Friday, October 21, 2011

Shame on You, Foreign Policy

Shame on you, Foreign Policy, for publishing such an amateurish piece on Rwanda's development success as rooted in order and cleanliness. The author, David Dagan, clearly has little knowledge of Rwandan history, or politics. This type of reporting helps shape the image of Rwanda that Westerns hold, and it is an inaccurate one that in turn bolsters and shapes donor policy. Interesting that this piece comes out shortly after Tony Blair defended his relationship with, and reaffirmed his commitment to the policies and practices of Rwandan President Kagame. International donors may be clueless, but I'd bet that diplomats on the ground in Kigali know full well that the 'successes' of the government come on the back of ordinary Rwandans who are not part of the state machinery.

I agree that the international community is looking for a success story, but not at any cost. What the author perceives as order and cleanliness is actually an ambitious drive to modernise described by James Scott in his "Seeing Like a State". Rwanda is actively engaged in a social, economic and political engineering process that privileges a few (presumably those that this author consulted) at the expense of the many (which the author appears not to have consulted). Without an understanding of the how these policies impact local actors, keeping in mind that even by Rwandan government numbers, 80 - 90% of Rwandans are subsistence farmers who live on less than $1 per day. Indeed, World Bank and IMF number acknowledge that at least 65% of Rwandans live on much much less. Indeed, among the peasant folks I consulted in my own research in the Southwest of the country, the average daily income was only 11 cents per day! I'd like to remind the author that Rwanda's gini coefficient has increased under Kagame. Rwandans are more poor today than there were in 1992 (.44 then vs. .59 now). Rwanda's economic growth is not shared by all, and it is hardly shared equitably. Economic growth should translate into an improved standard of living (see this explanation of the relationship between GDP and poverty)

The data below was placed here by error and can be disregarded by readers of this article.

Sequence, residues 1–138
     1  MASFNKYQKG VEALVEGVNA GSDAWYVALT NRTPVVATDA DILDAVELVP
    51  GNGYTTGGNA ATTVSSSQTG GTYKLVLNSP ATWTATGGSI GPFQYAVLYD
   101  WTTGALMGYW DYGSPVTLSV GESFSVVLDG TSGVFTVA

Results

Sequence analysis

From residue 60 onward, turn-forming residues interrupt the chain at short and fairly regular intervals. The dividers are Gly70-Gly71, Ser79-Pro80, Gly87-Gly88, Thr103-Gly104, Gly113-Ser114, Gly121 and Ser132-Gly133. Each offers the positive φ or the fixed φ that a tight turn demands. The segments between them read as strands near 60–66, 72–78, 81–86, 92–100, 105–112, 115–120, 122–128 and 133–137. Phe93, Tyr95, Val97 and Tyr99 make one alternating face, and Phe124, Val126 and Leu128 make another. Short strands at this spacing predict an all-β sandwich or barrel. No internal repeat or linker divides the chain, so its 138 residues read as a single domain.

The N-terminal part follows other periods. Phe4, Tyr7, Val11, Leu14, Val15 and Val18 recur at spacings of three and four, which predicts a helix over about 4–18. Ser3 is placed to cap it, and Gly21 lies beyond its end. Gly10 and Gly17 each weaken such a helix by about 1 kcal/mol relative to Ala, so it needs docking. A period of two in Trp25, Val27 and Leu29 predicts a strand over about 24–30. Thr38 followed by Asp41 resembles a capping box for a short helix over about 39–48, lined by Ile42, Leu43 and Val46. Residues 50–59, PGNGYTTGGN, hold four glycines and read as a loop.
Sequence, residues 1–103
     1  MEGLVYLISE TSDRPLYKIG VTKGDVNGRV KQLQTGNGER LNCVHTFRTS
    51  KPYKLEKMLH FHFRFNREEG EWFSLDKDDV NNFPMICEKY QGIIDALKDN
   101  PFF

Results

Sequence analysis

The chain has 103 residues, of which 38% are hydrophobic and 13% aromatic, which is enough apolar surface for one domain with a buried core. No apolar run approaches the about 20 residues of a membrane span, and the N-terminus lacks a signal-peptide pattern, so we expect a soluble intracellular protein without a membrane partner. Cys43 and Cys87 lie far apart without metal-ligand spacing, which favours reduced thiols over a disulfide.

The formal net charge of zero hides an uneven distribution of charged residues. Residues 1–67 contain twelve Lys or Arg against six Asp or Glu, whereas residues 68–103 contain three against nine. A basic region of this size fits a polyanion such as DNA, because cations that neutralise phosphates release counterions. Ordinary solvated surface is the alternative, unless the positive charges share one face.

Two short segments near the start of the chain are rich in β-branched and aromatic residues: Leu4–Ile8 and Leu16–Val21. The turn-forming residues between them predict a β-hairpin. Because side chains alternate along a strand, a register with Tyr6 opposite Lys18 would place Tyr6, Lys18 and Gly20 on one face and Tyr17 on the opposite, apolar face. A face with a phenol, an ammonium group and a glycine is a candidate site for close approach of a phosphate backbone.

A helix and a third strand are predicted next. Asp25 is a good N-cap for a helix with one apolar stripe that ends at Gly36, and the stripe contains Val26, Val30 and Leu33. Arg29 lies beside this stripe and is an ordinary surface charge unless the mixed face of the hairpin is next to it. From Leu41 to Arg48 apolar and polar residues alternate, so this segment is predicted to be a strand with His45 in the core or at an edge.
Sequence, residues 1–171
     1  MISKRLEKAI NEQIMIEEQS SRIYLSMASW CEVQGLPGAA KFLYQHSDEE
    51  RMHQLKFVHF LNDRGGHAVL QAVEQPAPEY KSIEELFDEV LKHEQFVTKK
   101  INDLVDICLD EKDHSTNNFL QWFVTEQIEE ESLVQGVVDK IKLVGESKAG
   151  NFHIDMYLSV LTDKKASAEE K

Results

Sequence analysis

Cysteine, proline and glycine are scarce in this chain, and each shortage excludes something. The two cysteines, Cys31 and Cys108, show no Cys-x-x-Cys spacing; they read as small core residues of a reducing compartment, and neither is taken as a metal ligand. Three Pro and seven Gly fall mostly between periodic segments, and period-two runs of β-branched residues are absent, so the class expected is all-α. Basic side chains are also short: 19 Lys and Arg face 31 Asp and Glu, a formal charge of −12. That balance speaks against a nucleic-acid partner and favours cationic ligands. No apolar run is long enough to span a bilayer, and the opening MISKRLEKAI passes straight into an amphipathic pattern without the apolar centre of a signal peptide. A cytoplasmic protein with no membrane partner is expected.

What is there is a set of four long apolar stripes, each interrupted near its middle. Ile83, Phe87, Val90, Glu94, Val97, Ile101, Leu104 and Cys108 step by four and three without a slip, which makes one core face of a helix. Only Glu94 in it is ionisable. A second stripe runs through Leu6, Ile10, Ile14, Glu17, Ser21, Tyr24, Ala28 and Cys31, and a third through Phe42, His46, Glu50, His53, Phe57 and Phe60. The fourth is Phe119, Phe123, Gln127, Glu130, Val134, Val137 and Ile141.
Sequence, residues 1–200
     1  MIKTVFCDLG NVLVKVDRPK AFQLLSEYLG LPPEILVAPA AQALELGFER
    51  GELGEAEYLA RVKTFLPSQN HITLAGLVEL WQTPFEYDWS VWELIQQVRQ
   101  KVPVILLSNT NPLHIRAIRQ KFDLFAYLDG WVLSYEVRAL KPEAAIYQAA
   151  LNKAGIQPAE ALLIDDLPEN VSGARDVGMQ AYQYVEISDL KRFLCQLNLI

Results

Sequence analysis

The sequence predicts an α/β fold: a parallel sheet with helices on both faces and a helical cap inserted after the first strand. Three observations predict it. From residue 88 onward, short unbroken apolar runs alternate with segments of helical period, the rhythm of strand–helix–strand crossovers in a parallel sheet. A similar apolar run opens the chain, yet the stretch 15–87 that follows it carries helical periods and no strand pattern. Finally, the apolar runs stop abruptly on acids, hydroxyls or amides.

It is also important to keep in mind that the government controls much of the political, social and economic sphere. Thus, it can demand clean and orderly valleys where poverty reigns because residents know they can be fined up to 10,000 FRW (approx. 17US$) if they do not. Umuganda is a historical practice that is rooted in more than a century of oppressive practices by local officials on the local populations in their jurisdiction. In its current manifestation, umuganda is still seen by many Rwandans as an additional humiliation that serves the government 's agenda.

These are but two glaring examples from the author. I could go on, but suffice it to say, he needs to look beyond the obvious, stop filtering what he does see and experience through a Western lens, and try to identify and explain what he does not see and hear. In a country where authoritarianism is entrenched (not emergent as the author contends), the author should, as any competent political scientist would, look at points of exclusion and inequality rather than blandly praising the government. I suggest he start by picking up the recently published "Remaking Rwanda", edited by Scott Straus and Lars Waldorf.

1 comment:

  1. If foreign Policy's article was an amateurish piece , what do u call this???? There are soo many things i would say here but clearly in your eyes there's nothing good goin on in Rwanda so i won't waste my precious time trying to go in details but i ask you one thing try to give credit where its due.....